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This presentation was given as part of the EPA-funded Catchment Science and Management Course focusing on Integrated Catchment Management, held in June 2015. This course was delivered by RPS Consultants. If you have any queries or comments, or wish to use the material in this presentation, please contact email@example.com
It is increasingly being recognised internationally that integrated catchment management (ICM) is a useful organising framework for tackling the ongoing challenge of balancing sustainable use and development of our natural resource, against achieving environmental goals. The basic principles of ICM (Williams, 2012) are to:
• Take a holistic and integrated approach to the management of land, biodiversity, water and community resources at the water catchment scale;
• Involve communities in planning and managing their landscapes; and
• Find a balance between resource use and resource conservation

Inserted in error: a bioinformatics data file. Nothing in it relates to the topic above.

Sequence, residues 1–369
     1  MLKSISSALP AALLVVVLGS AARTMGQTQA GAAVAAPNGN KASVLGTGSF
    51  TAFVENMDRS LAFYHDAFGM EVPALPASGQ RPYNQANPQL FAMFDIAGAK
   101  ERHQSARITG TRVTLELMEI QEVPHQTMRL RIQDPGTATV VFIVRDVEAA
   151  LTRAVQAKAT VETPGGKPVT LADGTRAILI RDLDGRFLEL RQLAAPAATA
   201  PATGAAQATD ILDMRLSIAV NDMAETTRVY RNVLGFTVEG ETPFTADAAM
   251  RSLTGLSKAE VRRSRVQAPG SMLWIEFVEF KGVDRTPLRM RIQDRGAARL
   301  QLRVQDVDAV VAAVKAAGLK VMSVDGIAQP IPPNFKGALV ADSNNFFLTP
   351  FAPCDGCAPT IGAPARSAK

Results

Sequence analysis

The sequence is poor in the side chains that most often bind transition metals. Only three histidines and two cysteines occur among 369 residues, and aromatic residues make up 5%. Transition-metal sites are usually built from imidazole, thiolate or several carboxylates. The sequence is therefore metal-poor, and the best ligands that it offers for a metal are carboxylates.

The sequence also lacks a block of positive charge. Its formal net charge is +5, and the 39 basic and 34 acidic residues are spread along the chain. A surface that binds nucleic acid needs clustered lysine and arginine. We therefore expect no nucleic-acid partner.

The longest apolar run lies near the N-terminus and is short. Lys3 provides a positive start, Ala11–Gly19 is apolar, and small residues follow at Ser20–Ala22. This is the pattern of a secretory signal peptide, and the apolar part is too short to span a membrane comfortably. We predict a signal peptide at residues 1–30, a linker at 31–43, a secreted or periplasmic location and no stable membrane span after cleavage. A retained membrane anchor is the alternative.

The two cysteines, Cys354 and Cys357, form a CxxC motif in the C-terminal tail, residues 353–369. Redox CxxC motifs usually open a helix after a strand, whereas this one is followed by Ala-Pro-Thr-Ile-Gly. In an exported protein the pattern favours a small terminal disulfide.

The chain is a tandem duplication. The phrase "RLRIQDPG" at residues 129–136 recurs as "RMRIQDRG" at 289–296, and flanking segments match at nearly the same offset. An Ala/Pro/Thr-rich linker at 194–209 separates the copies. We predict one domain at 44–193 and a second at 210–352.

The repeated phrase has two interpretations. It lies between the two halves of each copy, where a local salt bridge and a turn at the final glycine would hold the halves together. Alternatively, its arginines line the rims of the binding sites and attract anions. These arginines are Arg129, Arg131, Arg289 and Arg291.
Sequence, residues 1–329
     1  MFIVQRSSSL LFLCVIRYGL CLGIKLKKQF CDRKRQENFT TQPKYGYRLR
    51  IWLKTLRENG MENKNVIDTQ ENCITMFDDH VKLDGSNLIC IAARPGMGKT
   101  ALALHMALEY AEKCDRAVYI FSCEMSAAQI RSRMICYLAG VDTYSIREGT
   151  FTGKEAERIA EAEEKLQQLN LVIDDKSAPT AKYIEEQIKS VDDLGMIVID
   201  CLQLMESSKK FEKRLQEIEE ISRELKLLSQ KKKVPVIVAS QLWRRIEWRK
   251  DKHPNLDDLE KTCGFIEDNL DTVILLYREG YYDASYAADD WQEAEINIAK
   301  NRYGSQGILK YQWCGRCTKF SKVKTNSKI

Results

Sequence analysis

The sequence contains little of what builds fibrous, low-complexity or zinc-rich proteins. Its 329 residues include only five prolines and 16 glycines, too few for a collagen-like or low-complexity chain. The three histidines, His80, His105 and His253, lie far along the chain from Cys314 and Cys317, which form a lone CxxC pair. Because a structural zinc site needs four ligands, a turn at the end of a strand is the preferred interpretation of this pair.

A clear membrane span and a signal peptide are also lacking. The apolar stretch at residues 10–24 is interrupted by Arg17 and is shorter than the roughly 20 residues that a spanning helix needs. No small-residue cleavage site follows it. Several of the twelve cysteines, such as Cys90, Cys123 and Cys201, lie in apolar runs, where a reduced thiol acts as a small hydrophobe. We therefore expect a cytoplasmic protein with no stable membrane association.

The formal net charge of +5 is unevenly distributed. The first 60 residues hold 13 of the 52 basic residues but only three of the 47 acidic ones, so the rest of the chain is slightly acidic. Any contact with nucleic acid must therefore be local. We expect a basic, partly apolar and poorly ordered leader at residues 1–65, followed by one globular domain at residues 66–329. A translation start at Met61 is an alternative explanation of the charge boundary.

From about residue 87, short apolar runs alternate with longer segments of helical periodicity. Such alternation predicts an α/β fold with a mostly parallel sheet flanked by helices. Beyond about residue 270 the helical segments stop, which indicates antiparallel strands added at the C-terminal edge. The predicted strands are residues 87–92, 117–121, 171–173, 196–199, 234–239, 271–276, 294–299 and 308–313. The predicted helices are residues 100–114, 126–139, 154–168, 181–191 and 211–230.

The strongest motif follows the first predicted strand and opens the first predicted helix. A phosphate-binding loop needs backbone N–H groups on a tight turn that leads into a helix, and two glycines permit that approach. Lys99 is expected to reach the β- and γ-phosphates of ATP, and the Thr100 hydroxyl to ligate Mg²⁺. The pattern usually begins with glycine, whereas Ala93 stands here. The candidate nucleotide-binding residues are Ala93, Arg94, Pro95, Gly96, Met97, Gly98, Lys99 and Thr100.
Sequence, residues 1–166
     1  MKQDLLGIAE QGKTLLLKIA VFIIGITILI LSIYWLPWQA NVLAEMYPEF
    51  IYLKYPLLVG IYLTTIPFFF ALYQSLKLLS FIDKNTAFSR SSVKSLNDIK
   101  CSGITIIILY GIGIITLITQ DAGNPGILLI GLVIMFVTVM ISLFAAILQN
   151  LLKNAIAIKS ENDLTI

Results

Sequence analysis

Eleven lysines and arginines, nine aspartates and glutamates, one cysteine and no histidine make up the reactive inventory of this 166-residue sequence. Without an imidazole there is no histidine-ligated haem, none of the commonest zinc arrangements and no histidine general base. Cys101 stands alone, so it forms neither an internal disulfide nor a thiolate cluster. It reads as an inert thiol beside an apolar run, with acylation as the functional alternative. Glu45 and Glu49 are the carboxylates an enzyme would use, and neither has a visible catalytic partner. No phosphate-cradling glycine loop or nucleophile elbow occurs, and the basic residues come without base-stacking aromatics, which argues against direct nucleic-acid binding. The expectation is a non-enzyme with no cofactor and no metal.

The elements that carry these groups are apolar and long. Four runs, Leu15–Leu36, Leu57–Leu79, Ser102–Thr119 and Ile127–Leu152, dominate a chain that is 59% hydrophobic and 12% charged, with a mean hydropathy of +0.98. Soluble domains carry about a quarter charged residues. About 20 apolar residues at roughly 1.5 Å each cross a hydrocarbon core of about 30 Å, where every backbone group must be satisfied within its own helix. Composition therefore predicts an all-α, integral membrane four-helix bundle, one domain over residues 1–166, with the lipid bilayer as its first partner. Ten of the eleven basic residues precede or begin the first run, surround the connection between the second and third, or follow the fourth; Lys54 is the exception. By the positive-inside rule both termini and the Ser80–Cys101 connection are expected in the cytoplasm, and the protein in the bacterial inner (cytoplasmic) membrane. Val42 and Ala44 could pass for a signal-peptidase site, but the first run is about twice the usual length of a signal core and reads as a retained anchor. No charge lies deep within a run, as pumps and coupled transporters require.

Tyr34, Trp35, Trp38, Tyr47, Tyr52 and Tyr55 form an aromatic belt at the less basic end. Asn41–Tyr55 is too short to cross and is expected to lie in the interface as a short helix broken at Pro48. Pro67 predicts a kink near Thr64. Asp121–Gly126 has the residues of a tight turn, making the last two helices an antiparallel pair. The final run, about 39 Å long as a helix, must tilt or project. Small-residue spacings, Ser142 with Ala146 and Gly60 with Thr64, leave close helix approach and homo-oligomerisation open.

ICM is now well established in Australia, New Zealand, and the United States. In Europe the ICM approach has been proposed as being required to achieve effective water and catchment management, and is the approach being promoted by DEFRA for the UK, where it is called the “Catchment Based Approach” (CaBA). The principles and methodologies behind ICM sit well within the context of the Water Framework Directive with its aims and objectives for good water quality, sustainable development and public participation in water resource management. In Ireland it is proposed that the ICM approach will underlie the work and philosophy in developing and implementing future River Basin Management Plans.